Laura Erickson's For the Birds

Sunday, April 11, 2021

Salmonella Outbreak

Pine Siskin

Last week, the New York Times reported that salmonella outbreaks related to bird feeding have sickened 19 Americans between 2 months and 89 years old; 8 have been hospitalized. These cases have been reported in Washington, Oregon, California, Oklahoma, New Hampshire, Kentucky, Tennessee, and Mississippi. Dogs picking up sick birds have also gotten sick. The main birds appearing at these feeders are finches, especially Pine Siskins. 

Birds get salmonella at feeders every year, but this is the first I’ve read of people getting sick, too. I probably should have expected it. Beginning late last summer, there’s been a huge movement of finches, many to areas with far milder winters than here in Minnesota and Wisconsin, and many to areas these finches don't usually visit. A lot of people would naturally be unfamiliar with such huge flocks of birds and would never have heard the annual warnings about keeping feeders clean. 

Common Redpolls at my window feeder
Common Redpolls and other finches crowd together in feeders and on the ground below.

Pine Siskins winter in California every year, but this year’s numbers are much larger than usual. And because of the pandemic, more people have been paying attention to backyard birds and starting up bird feeding stations—again, novices who are unlikely to have learned the basic principles of feeder sanitation. 

Almost every year since we moved to Duluth in 1981 (except this one, so far), we’ve had a surge of redpolls and other winter finches as the snow starts to recede in late March and early April. Winter finches are flocking species that feed and roost in very close proximity, and also are ground feeders, many eating on the ground as others eat above them in the feeders. This lifestyle usually works just fine, but not when that seed on the ground gets moldy or contaminated by pet, rodent, and wildlife droppings. 

Educated humans understand the importance of protecting our food supply at all levels of food production from farm to kitchen. But in our backyards, thanks to dogs, squirrels, rabbits, mice, deer, and all the other mammals and birds that wander through, seed on the ground can easily be contaminated with salmonella, E. coli, and other pathogens—this is why it’s important to keep the ground beneath feeders kept tidy. When quail, doves, sparrows, finches, and other ground-feeding birds are visiting, it’s critical to offer only small amounts that will be consumed that day—that prevents seed from getting moldy, plus any leftovers attract the rodents whose droppings are implicated in many salmonella outbreaks for humans as well as birds.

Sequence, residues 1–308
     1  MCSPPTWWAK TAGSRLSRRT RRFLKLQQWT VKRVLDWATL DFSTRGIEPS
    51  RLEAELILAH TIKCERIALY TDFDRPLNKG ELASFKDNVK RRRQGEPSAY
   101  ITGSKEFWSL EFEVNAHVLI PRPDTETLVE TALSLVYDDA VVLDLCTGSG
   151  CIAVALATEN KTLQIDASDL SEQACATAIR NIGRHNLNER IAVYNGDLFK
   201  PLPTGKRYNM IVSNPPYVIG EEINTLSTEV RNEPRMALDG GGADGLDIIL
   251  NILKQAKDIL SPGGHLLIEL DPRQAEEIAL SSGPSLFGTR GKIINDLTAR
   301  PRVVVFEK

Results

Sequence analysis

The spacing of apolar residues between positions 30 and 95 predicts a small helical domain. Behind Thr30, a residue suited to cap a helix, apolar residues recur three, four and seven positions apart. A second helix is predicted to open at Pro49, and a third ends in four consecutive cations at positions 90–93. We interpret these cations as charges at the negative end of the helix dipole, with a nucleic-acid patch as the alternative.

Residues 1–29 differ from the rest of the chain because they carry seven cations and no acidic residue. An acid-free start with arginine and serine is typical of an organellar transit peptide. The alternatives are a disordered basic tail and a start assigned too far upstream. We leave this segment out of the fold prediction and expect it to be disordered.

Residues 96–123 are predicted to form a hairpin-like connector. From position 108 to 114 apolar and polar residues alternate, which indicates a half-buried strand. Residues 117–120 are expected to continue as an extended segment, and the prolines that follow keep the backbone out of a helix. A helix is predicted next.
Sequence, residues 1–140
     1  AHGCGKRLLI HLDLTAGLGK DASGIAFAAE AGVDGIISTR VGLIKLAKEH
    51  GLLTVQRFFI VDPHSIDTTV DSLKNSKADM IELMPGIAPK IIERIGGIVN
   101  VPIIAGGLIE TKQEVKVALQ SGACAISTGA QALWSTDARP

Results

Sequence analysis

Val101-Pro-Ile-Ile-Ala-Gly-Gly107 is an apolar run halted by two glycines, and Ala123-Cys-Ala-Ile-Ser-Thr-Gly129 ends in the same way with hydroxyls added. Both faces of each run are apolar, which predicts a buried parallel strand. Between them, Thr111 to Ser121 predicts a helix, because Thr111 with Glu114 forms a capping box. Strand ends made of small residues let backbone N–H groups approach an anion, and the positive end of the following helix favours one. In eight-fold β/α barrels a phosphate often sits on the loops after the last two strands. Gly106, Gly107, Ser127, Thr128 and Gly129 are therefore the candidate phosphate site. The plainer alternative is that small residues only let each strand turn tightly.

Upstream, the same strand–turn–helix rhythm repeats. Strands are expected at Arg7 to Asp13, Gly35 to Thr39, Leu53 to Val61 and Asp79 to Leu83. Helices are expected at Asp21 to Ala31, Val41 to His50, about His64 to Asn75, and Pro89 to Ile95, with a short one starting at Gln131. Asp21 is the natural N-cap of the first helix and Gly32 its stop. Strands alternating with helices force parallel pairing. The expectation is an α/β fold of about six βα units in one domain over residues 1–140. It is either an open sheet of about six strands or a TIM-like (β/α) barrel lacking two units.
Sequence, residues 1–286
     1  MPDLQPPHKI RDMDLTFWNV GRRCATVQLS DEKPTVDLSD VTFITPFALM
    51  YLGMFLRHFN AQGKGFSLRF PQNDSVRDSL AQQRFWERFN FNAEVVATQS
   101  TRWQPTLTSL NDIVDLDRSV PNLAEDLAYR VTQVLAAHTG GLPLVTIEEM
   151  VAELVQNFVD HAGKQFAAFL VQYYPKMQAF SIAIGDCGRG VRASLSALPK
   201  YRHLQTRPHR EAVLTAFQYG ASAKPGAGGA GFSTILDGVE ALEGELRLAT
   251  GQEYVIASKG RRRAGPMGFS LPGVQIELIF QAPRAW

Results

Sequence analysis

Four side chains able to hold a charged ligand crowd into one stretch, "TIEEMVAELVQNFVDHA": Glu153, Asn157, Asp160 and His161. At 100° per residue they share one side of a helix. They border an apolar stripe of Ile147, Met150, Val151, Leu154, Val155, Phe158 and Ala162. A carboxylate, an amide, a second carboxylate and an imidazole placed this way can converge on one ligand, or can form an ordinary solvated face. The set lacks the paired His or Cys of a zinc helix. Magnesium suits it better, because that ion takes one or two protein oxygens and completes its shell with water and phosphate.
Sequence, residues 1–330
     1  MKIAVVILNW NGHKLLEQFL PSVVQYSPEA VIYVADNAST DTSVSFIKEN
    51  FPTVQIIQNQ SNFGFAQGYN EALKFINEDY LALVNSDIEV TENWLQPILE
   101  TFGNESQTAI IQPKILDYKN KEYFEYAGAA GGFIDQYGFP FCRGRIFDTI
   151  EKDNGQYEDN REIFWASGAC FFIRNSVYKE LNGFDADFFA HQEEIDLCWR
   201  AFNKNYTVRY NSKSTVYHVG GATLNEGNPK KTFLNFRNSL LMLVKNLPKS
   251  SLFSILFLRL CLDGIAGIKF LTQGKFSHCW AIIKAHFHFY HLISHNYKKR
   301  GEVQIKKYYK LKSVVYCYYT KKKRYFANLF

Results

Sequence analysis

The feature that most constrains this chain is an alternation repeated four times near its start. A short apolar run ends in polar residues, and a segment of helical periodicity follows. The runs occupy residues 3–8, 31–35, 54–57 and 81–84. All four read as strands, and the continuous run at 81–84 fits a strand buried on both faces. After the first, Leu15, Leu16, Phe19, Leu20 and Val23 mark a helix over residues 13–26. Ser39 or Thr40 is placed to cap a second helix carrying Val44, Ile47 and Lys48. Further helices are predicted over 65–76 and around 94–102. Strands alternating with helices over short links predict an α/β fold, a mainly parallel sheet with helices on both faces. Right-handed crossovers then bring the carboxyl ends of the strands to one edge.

Common Redpolls and Pine Siskins

Thanks to the current pandemic, we humans have figured out how important social distancing is when there are disease organisms about. Indeed, with mask-wearing and social distancing, the number of cold and flu cases this year are way, way down. But tragically, we haven’t been able to convey these important public health concepts to birds. 

Here in Duluth, every year I hear of a few cases of sick birds, and I explain to people why it’s important to keep the ground beneath feeders clean. When a sick bird does show up, it’s important to close down the feeder until the bulk of the finches move on in hopes that the larger flocks will break into smaller groups. And then thoroughly clean the feeders before setting them out again. Except for one time when I saw a sick redpoll, I just use a stiff brush and hard spray of water to clean my feeders a few times a year. I clean my bird baths every two or three days because I also want to keep mosquitoes from breeding in them.

To prevent further cases of salmonella, the C.D.C. recommends cleaning bird feeders and bird baths at least once a week or when they are dirty. They recommend that people avoid feeding wild birds with their bare hands, and that they wash their hands with soap and water after touching a bird feeder or bath, or after handling a bird. I’ve never worn gloves to deal with my feeders or birdbaths, and not when I hand-feed chickadees either, but I am careful about hand washing. All the public service announcements about hand washing when COVID-19 first hit reinforced that. 

Now I’m hearing people say how dirty birds are, when birds are getting sick because our feeding stations are dirty. We Americans expect the restaurants we visit to meet public health standards, and expect that when invited to a friend’s for dinner, they’re using good hygiene, too. How can we judge birds harshly for expecting the same? 

American Goldfinch